W
2
= 5
2
W
1
= 15
13 20.7 15.5 7.6 24.38 24.73
W
2
= 25
3
W
1
= 30
10.7 23.5 23.9 13.4 25.34 25.19
W
2
= 20
ave. W of P1
25.08g
%diff of P1
1.12%
ave. W of P2
24.96g
%diff of P2
0.64%

With the tabulated results of the experiment, we
can notice that when one side of the beam with a
pan has added weights, the other side of the
beam with a pan without added weights tend to
be father away to balance the system. This is
important since to balance the system, the forces
making the system to rotate clockwise needs to
be equal to the forces that makes the system to
rotate counter clockwise and since torque is
computed by multiplying the force and its
distance from the axis of rotation, the only way
for the other side of the beam to be equal to the
other since that has a greater force, it needs a
greater distance.

In the second part of the experiment, we
determined the force applied needed to be in
equilibrium using the second condition of
equilibrium. The following is a sample
computation of force applied needed to be in
equilibrium for the first trial.

)(

)
(

()()
( ())


The table below shows the force applied needed
to be in equilibrium and the distances of the pans
from the axis of rotation.

Trial
L1
(cm)
L2
(cm)
W1 + P1
(g)
F
computed

(g)
F
measured

(g)
%diff
(%)
1 20.7 9.4 74.8 195.83 200 2.11
2 18.8 9 74.8 203.97 200 1.97

With the tabulated results of the experiment, we
can notice that in the second trial, the side with
the pan and the weights tend to be farther than
the spring balance on the other side. This is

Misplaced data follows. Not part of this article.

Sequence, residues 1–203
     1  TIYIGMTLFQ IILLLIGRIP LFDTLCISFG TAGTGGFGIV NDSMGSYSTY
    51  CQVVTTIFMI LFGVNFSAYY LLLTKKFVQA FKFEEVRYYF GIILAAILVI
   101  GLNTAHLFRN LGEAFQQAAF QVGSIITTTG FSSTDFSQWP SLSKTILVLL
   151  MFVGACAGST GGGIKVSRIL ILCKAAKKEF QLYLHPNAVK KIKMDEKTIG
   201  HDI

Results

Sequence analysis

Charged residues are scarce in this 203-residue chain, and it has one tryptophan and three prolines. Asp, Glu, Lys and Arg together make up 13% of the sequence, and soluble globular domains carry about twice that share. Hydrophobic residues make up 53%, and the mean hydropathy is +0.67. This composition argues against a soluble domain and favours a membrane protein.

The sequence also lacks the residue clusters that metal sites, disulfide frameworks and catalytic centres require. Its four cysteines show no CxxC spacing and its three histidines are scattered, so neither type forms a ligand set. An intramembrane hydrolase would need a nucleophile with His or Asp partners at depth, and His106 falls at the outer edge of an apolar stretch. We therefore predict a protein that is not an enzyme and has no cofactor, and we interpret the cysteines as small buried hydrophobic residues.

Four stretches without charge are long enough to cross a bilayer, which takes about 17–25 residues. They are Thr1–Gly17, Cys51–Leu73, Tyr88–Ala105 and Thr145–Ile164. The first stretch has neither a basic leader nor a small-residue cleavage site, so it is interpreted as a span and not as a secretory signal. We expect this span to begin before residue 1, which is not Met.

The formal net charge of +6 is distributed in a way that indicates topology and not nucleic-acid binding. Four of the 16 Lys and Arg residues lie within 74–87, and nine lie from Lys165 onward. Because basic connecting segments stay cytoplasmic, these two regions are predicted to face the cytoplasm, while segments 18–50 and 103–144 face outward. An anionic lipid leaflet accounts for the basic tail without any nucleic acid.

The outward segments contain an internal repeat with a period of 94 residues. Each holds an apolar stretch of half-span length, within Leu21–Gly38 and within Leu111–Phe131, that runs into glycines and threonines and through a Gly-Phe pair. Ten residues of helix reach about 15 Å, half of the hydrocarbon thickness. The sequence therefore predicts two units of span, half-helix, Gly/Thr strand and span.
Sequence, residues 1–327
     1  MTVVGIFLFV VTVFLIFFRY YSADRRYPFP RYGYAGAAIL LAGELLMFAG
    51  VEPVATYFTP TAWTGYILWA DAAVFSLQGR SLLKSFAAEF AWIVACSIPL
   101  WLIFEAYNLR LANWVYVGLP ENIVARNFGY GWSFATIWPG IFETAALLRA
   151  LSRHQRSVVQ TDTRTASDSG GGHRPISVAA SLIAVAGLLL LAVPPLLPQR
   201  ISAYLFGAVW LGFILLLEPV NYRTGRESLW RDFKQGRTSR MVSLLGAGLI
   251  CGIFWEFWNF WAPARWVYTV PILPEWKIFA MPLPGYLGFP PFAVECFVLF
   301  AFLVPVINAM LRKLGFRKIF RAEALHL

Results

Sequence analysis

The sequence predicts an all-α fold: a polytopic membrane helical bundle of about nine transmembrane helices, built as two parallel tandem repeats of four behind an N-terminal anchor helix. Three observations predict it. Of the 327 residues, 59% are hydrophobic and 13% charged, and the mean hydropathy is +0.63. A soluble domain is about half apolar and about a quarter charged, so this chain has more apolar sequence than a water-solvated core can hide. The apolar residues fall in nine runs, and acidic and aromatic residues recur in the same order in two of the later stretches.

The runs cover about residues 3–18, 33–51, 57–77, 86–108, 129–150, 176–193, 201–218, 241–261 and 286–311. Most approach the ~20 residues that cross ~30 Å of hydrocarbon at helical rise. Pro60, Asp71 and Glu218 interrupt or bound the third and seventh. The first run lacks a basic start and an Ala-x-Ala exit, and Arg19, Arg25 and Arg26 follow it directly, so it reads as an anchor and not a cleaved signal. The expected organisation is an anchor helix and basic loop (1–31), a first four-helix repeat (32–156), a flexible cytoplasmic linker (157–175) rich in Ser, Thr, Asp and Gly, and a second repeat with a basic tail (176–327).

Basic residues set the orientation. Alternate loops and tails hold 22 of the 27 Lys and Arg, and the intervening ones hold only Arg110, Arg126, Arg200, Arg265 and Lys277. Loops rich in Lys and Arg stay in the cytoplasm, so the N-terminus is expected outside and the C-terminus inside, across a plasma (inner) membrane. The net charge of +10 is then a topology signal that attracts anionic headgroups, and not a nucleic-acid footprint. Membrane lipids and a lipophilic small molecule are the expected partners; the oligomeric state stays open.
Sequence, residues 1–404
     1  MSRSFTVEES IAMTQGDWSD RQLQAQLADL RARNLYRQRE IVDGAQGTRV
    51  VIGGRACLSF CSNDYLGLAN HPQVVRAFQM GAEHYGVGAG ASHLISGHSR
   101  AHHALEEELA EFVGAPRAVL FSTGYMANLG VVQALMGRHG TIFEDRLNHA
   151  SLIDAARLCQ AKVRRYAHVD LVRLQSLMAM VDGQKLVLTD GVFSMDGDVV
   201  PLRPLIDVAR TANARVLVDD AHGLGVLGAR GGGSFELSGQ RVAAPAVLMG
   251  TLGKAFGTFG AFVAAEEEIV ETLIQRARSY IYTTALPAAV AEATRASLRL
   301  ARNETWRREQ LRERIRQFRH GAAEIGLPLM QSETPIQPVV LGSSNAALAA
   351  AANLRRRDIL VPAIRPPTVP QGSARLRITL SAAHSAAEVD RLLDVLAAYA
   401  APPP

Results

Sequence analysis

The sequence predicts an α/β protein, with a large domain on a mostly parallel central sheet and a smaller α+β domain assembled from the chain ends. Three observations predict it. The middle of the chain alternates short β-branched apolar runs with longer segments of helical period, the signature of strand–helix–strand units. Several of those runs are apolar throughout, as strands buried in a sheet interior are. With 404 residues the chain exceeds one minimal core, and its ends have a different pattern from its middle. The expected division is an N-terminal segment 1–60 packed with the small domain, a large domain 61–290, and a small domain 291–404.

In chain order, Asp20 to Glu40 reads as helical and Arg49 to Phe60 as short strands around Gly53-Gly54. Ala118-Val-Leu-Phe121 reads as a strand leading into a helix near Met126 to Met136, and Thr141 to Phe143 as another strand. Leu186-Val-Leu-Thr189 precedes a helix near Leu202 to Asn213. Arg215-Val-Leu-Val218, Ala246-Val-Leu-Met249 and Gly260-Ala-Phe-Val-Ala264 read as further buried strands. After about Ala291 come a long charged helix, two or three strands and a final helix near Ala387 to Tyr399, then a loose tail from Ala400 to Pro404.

because the pan with weights tends to have less
force compared to the force that the spring
balance applies, so to make the system in
equilibrium, the pan with weights needs to have
a greater distance to make the system
equilibrium. With regards to the first trial when
both pan and spring balance is on the left side,
the spring balance just cancels the force exerted
by the pan with weights which makes the
system, in equilibrium.

In the third part of the experiment, we
determined the weight of the beam using the
second condition of equilibrium. The following is a
sample computation of weight of the beam for
the first trial.

)(

)
(

( )()
()


The table below shows the weights added on the
pans and the distances of the pans from the axis
of rotation.

Trial
L1
(cm)
L2
(cm)
W1 + P1
(g)
W
computed

(g)
W
measured
(g)
1 14.5 8 50 135.58
136.8 2 12.8 8 60 135.46
3 11.9 8 70 141.57

ave. W of beam 137.54g

%diff 0.54%

We can notice that the pan with weights is in
equilibrium with the weight of the beam itself.
With regards to the tabulated results, we can
notice that as we increase the weight added to
the pan, the shorter the distance needed to make
the system in equilibrium. This is notable since